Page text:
- Avoid being careless
We hope this helps – good luck with your next interview!
Title: Best Ways to Answer “Tell me about a time you failed” Interview Question
Category: the Interview
Tags: tell me about a time you failed, interview questions, what is your greatest failure, tell me about a time you failed sample answers, time you failed examples, a time you failed interview question, interview question tell me about a time you failed, tell me about a time you failed sample answer, how to answer interview questions about failure
Author: Reid is a contributor to theJub. He’s an employment and marketing enthusiast who studied business before taking on various recruiting, management, and marketing roles. More from the author. | Author Profile
What is an example answer to tell me about a time you failed? ›
For example: Three years ago, we were doing A, but realized the result fell short of the goal. Things were just not working. Many saw it as a failure, but we also saw it as an opportunity to improve, so we did a thorough analysis and realized that B was a better tactic.How do you answer Tell me about a time you failed How did you deal with the situation? ›
Tell your story.
Interviewers don't ask this question to see you squirm, they want to know how you handle setbacks—so get to the part where you're dealing with the failure as quickly as possible. Start with the situation, and explain why it was challenging. Then go into what you specifically did to try and rectify it.
It all went wrong when I [describe the action you took] which I tried to solve by [add an action]. I had solved a similar problem in the past in this way, but this time I forgot to [insert the action that would have made a difference]. As a result, I did not meet the deadline.How to answer what is your biggest failure in a job interview? ›
Spend more time explaining what you have learned about yourself than the experience: Instead of dwelling on what went wrong, identify the reasons behind the incident and emphasise what you have learned and what you now do differently. Explain the actions you took to ensure that you wouldn't achieve the same mistake.What are some examples of failure? ›
- Not meeting others' expectations.
- Missing a deadline.
- Taking on too much/over-promising.
- Failing an assignment.
- Not getting a job.
- Not getting into a club or making a team.
Interviewers ask questions like what is your greatest failure or tell me about a time you failed, to see how the candidate faces tough situations, and what they learned from the outcome. The interviewer is not interested in the actual failure itself, rather how you took it and implemented the lessons learned from it.What is your biggest failure and how you deal with it? ›
I was responsible for interacting with big clients and understanding the requirements. Being a fresher, I did not pay much attention to the details of the project. Instead, I focused only on my ethics and discipline. My poor listening skills led me to lose one of the most significant projects of the organization.How do you respond to a failed interview reply? ›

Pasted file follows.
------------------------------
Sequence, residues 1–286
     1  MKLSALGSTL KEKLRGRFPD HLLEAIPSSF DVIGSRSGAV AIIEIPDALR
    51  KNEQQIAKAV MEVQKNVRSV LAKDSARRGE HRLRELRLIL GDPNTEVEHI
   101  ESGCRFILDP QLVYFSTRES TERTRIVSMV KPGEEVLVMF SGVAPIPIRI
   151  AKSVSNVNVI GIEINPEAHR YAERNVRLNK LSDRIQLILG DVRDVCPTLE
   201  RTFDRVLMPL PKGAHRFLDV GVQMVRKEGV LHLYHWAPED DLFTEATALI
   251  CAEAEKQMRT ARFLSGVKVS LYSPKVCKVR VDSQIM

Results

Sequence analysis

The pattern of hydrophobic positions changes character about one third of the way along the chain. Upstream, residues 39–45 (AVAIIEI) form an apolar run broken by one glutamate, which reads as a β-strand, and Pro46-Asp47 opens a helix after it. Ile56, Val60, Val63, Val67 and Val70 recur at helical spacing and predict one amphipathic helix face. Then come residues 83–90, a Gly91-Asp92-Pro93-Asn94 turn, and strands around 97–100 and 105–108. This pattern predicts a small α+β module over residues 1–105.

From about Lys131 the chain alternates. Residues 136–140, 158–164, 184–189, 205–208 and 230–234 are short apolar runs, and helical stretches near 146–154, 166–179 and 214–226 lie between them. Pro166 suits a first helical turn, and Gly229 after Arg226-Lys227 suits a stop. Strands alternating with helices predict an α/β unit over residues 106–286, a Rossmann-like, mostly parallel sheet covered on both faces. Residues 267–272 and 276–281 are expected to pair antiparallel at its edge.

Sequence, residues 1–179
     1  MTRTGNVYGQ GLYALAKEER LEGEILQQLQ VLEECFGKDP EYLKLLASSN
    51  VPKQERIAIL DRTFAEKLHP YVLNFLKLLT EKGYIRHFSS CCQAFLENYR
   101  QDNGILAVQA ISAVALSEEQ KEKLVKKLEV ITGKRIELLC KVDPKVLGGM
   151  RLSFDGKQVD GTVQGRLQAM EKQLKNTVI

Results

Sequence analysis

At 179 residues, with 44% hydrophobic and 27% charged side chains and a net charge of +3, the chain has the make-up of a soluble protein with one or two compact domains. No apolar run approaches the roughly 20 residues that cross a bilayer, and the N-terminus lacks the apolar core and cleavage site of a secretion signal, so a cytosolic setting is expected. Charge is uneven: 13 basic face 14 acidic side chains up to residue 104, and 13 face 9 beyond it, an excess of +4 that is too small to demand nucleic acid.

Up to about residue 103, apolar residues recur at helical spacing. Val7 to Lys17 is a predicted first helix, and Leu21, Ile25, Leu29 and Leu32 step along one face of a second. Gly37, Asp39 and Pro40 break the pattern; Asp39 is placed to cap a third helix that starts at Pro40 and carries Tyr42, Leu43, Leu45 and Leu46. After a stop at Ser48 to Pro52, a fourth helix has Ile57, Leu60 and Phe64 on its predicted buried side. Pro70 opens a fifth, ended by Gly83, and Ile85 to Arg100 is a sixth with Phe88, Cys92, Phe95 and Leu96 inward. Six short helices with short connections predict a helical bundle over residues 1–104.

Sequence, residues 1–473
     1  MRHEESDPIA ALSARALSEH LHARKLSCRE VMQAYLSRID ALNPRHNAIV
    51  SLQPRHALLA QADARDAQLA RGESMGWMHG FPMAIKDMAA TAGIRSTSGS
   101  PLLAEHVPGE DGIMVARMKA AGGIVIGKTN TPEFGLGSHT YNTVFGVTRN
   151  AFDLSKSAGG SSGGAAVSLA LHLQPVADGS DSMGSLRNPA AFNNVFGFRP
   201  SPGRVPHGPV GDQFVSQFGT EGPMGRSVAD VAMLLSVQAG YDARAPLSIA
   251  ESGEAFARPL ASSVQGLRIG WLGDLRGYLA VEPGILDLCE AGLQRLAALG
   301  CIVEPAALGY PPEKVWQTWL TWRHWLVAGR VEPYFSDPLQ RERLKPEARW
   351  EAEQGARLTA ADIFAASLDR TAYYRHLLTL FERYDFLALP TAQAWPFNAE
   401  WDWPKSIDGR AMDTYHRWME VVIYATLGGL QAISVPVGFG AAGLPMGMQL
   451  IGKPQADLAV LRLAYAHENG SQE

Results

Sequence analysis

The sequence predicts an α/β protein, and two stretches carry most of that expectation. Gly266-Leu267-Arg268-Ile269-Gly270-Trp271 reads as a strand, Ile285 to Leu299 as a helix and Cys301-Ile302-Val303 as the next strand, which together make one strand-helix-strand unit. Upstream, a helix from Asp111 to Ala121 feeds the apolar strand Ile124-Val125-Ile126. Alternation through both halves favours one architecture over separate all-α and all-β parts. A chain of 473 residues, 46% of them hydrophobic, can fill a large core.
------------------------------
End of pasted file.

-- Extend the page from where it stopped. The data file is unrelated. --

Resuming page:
- Say thank you. It takes a lot of work to plan interviews. ...
- Show your interest in the company. Remind them why you're interested in the company and that you'd like to be considered for future roles. ...
- Ask for feedback. ...
- Leave contact information.
Show that you have skills and experience to do the job and deliver great results. You never know what other candidates offer to the company. But you know you: emphasize your key skills, strengths, talents, work experience, and professional achievements that are fundamental to getting great things done on this position.Can you describe a time when you worked under pressure? ›
One time I was supposed to deliver a project to a client in five days. A colleague who was working with another client had the same deadline, but he had to take a leave of absence due to personal reasons. I was forced to take up both projects at the same time, but I did not let the stress affect me.
What are the 3 types of failure? ›
- Preventable failure: a failure caused by deviating from a known process. ...
- Complex failure: a failure caused by a system breakdown. ...
- Intelligent failure: a failure caused by an unsuccessful trial.
Henry Ford's first two automobile companies failed. Oprah Winfrey was fired from an early job as a television news anchor. Jerry Seinfeld was booed off stage in his first stand-up comedy appearance. Sir James Dyson suffered through 5,126 failed prototypes before he landed on the first working Dyson vacuum.What is a good sentence for failure? ›
He became discouraged by his repeated failures in business. He was often crippled by his fear of failure. The accident was caused by engine failure. The patient was suffering from heart failure.
Example Answers to “Tell Me a Time When You Failed”
“I was managing a project for one of our biggest clients in my previous company, and I was so eager to please them that I told them we could finish the project within 2 weeks. I thought this was doable, but it ended up taking three weeks and they were not happy.
How to answer “What is your biggest failure?” Pick a real failure that happened in the workplace, specifically a failure related to the work you're doing now. Look for a story where something didn't go as planned. Choosing the right story is important, as you want to explain a situation where only one thing went wrong.Can you explain your personality in one word? ›
To describe myself in one word, I'm a very ambitious person. I take up all learning opportunities that enhance my skills and know-how to cope up with failures. I like challenging myself to find creative solutions as quickly as possible and resolve any issues at hand.What is an excellent question to ask the interviewer? ›
Smart questions to ask about the interviewer
Has your role changed since you've been here? What did you do before this? Why did you come to this company? What's your favorite part about working here?
- Recognise and accept your emotions. Failure hurts, at least in the first instance, and you need to accept that. ...
- Don't make it personal. ...
- Don't worry what anyone else will think. ...
- Take the right amount of responsibility. ...
- Use failure as a way to improve.
#1 — Be Honest With Yourself
The first way resilient people bounce back from failure is by being honest with themselves. They don't try to sugarcoat the fact that they failed. They don't try to use softer words to help lessen the impact of that failure.
- Don't panic and be kind to yourself. You aren't the only one who didn't receive the grade they wanted. ...